Reading the abbreviated version from
Luke 21:25

25 And he answered them, and said, In the generation in which the times of the Gentiles shall be fulfilled, there shall be signs in the sun, and in the moon, and in the stars; and upon the earth distress of nations with perplexity, like the sea and the waves roaring. The earth also shall be troubled, and the waters of the great deep;

Jesus expects his disciples to know the time of his coming is drawing near as shown in Matthew 24:41-42; Mark 13:45-46 and Luke 21:29-30


And reading from:
Mark 13:45-46

45 Now learn a parable of the fig tree. When his branches are yet tender, and putteth forth leaves, ye know that summer is nigh at hand.
46 So likewise, mine elect, when they shall see all these things, they shall know that he is near, even at the doors.


The Coming of the Groom


As that time approached, the bride and her bridesmaids, and she was allowed to have up to ten, began to make final preparations for his coming. They needed to have all of the items necessary to make the journey to the groom’s home ready. They would be dressed for the marriage, they would have lamps to light their way, have oil in them and more with them to maintain light throughout the night. If the groom was delayed, they needed to have enough oil in reserve. The groom would usually come around midnight, but not knowing the night he was coming, much less the exact time, she and her bridesmaids had to be on standby, expectantly waiting the signal of his coming...


This should sound pretty familiar to you…
Reading from
Matthew 25:1-4

1 And then, at the day, before the Son of Man comes, the kingdom of heaven shall be likened unto ten virgins, who took their lamps, and went forth to meet the bridegroom.
2 And five of them were wise, and five of them were foolish.
3 They that were foolish took their lamps and took no oil with them; but the wise took oil in their vessels with their lamps.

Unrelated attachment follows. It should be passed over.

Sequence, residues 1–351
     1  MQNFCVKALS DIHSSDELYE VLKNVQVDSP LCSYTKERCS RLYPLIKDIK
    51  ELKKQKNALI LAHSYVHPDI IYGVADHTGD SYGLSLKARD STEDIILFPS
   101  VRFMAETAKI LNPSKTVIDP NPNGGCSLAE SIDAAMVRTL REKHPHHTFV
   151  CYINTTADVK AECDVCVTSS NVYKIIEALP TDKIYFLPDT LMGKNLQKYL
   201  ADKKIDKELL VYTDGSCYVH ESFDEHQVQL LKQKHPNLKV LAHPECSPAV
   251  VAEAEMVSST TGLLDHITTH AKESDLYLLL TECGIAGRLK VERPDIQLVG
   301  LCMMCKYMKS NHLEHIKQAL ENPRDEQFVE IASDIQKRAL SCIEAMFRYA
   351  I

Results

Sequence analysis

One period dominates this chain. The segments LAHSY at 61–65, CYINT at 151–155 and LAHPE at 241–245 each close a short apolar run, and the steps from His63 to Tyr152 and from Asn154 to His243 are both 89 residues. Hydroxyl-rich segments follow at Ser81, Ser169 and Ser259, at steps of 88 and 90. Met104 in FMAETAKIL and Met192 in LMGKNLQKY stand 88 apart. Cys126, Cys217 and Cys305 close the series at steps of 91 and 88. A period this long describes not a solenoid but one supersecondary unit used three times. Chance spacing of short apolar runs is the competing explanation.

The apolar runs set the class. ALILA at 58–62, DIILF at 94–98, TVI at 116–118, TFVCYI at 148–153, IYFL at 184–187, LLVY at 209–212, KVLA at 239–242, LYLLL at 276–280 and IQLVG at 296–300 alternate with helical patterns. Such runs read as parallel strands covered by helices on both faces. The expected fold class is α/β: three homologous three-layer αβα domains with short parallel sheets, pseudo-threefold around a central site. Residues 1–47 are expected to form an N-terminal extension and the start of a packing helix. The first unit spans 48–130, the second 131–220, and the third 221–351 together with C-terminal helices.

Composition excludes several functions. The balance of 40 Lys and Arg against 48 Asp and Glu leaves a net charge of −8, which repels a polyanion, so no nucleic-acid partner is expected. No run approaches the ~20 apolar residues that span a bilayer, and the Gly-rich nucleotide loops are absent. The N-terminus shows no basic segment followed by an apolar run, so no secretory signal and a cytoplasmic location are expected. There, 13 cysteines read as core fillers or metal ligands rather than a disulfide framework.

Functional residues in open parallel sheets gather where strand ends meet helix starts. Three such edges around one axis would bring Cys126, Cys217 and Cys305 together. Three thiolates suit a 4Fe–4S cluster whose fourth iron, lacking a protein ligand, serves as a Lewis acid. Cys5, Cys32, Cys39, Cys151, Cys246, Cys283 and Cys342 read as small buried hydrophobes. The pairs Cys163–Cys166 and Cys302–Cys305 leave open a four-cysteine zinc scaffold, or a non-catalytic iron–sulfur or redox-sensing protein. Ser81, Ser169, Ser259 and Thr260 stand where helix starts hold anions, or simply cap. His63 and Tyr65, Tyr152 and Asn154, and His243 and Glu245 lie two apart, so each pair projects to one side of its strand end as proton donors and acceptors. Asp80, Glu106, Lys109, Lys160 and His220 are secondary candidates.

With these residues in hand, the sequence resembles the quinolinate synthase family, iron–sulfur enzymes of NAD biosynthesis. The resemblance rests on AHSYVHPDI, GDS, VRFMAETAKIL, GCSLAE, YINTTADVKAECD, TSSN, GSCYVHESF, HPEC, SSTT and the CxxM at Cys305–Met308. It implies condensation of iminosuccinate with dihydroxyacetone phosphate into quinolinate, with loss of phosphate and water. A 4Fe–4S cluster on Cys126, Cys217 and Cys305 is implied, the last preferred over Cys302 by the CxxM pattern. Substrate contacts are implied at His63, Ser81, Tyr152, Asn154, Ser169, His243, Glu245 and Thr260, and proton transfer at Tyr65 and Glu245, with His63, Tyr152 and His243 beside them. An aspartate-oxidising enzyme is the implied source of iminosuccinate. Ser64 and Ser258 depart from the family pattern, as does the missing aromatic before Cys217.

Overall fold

4 While the bridegroom tarried they all slumbered and slept.


The Preparation of the Groom


Now, as for the groom, he had himself been very busy. He was expected to build a room onto his father’s house for the new couple to begin their new life. The room would include all of the necessities for staying a full week so that he could take the time to get to know his new bride without any distractions. This room would be their apartment during the celebration. He also had to have built up the resources to allow him to be with his wife an entire year without working. In fact, this was the law as seen in


Deuteronomy 24:5

5 When a man hath taken a new wife, he shall not go out to war, neither shall he be charged with any business; but he shall be free at home one year, and shall cheer up his wife which he hath taken.

So in those days, the wives got the undivided attention of their new husband for the entire first year so they could grow to love him. As I have spoken of previously, he was guided by the counsel of his father about how to properly make provision for the new life with his bride and he was not allowed to go and get his bride until his father was satisfied that every... last... detail... was perfectamundo!